Thursday of Week 6 of Ordinary Time – First Reading

Commentary on Genesis 9:1-13

After the flood God extends his blessings over Noah and his family and over all the animals that have survived. Furthermore, the mandate given to the man in the garden is repeated.  The family of Noah, effectively the ancestors of all humanity, are to be fruitful and multiply.  In addition, Noah and his descendants are given responsibility and lordship over every living thing – on the earth, in the air, in the water

In the Garden, Man had been blessed and was consecrated lord of creation; he is now blessed and consecrated anew.  All creatures are now at his disposal.  Now, not only are plants given as food (as was the case in the Garden) but the other creatures, too, like animals, may be taken as food, used for doing heavy work (e.g. ploughing) and for their skins (e.g. to make tents and clothes).  In the Garden, where all needs were readily available, there was no need to work nor, in their innocence, to wear clothes.  Humans and animals alike were plant-eaters only.  Now the animal can become the victim of Man’s needs.

And, with the eating of animals, a new element is introduced with the prohibition to eat meat in which blood, the source of life, has not been already removed.  Israelite law also forbade eating animal flesh torn in the field by other animals (here, there is a reading back into pre-history of regulations that only were legislated for later on).

Furthermore, there is to be absolute respect for human life, no spilling of human blood, for every human person is in the image of God.  Animals, too, were to be punished if they caused the death of a human person.  According to the Mosaic law, a domestic animal that had taken human life was to be stoned to death.

Because a living being dies when it loses most of its blood, the ancients regarded blood as the seat of life, and therefore as sacred.  Although in itself, the prohibition against eating meat with blood in it is comparable to the ritual laws of the Mosaic code, the Jews considered it binding on everyone, because it was given by God to Noah, the new ancestor of all mankind. And so the early Christian Church retained this restriction for a time (Acts 15:20,29).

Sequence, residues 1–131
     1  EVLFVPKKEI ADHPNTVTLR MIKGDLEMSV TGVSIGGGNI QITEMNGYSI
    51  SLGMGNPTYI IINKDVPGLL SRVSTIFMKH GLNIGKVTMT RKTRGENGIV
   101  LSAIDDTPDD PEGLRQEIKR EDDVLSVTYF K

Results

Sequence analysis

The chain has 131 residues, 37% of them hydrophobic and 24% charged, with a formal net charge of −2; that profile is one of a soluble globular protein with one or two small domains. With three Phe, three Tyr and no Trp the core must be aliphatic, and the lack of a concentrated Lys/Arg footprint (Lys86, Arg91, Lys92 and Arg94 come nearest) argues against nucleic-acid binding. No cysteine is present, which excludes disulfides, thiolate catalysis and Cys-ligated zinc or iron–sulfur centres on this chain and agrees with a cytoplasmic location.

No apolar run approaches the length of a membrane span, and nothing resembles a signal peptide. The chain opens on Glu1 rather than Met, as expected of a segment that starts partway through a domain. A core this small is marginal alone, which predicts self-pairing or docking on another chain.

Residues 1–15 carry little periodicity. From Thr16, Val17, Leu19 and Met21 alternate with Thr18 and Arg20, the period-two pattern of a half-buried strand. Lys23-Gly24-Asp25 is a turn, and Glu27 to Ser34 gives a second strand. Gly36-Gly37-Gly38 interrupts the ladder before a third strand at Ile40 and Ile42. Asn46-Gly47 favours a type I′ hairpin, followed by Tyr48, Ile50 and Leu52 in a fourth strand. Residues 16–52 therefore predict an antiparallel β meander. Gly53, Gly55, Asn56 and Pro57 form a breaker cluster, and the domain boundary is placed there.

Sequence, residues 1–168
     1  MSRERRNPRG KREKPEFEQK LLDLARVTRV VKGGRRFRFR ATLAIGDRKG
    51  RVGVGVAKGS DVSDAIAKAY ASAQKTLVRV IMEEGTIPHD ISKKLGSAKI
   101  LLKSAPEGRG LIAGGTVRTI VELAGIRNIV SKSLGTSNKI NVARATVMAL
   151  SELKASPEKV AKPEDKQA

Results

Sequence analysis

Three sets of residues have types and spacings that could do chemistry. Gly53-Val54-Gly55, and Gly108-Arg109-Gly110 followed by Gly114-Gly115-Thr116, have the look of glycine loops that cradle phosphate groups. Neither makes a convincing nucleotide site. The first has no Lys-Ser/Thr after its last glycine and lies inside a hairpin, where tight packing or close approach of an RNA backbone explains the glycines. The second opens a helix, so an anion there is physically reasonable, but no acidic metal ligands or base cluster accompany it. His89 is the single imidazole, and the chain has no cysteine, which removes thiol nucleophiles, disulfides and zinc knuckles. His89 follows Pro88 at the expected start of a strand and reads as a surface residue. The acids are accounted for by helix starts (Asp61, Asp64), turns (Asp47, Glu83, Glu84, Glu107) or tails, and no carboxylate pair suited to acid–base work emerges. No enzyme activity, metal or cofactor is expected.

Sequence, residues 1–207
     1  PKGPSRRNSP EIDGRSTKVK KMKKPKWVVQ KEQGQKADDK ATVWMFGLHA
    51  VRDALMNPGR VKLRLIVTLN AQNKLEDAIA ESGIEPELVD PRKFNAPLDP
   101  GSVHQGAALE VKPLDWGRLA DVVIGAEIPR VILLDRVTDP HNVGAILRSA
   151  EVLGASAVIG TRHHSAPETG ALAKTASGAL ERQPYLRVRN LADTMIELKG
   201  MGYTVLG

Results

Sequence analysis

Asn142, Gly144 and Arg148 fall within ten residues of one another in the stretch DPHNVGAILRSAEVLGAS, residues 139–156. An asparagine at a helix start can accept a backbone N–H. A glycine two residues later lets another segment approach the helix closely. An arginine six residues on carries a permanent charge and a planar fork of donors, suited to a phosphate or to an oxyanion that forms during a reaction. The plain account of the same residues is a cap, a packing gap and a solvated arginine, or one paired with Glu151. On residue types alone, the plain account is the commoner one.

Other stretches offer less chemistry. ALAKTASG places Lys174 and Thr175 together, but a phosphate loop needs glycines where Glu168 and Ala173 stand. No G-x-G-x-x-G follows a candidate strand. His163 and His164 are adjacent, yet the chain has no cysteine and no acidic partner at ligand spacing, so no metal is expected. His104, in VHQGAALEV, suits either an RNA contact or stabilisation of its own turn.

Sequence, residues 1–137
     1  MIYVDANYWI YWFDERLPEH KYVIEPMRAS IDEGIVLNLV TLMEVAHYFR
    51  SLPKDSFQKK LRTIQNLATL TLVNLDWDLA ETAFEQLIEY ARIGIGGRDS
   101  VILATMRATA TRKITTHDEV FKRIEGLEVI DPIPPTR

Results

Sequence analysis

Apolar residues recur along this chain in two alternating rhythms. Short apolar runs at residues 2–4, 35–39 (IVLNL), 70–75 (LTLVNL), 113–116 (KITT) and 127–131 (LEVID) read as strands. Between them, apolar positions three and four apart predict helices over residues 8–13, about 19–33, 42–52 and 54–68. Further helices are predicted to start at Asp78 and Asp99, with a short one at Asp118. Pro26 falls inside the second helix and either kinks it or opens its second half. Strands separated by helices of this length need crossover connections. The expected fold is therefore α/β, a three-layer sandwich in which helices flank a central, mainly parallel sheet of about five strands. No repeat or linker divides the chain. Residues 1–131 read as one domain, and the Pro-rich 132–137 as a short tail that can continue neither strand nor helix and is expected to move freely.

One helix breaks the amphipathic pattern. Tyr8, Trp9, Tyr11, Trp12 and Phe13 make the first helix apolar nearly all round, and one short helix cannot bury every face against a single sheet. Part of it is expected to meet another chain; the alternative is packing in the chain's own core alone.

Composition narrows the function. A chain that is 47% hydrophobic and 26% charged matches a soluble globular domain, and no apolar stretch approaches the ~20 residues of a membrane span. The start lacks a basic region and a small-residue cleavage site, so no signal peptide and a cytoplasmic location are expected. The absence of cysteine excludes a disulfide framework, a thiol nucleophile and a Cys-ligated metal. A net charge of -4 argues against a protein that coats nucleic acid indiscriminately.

God himself is the great defender of human life, which is precious to him because Man was created in his image, and because Man is the earthly representative and focal point of God’s kingdom. 

God then makes his first covenant with mankind to last forever, a covenant which includes every living thing that was with Noah in the ark.

No thing of flesh shall be swept away again by the waters of the flood.  There shall be no flood to destroy the earth again.

The sign of that covenant is a rainbow crossing the skies.  Rain and the rainbow doubtless existed long before the time of Noah’s flood, but after the flood the rainbow took on new meaning as the sign of the covenant with Noah.  Every time it appeared, it was a reminder of the covenant.  Rainbows, too, are the sign of sunshine after rain.

The covenant with Noah, the sign of which is the rainbow, involves the whole of creation.  Later covenants will be more specific.  The covenant with Abraham, the sign of which is circumcision, was to be limited to his descendants only (Gen 17).  The covenant with Moses was to be confined to Israel alone and entailed corresponding obligations: fidelity to the Law and to Sabbath observance in particular (for a list of covenants, see the section about this in NIV Study Bible).

For us, of course, the final covenant is the New Testament between God and the world, signed in the blood of Jesus on the Cross and celebrated in every Eucharist.  But each one of us can and does dishonour this Covenant every time we violate the Way that Jesus has shown us.  This New Covenant is renewed every time we celebrate the Eucharist together, but the keeping of this covenant depends on how we live our daily lives in our relationship with God, with those around us and with ourselves.

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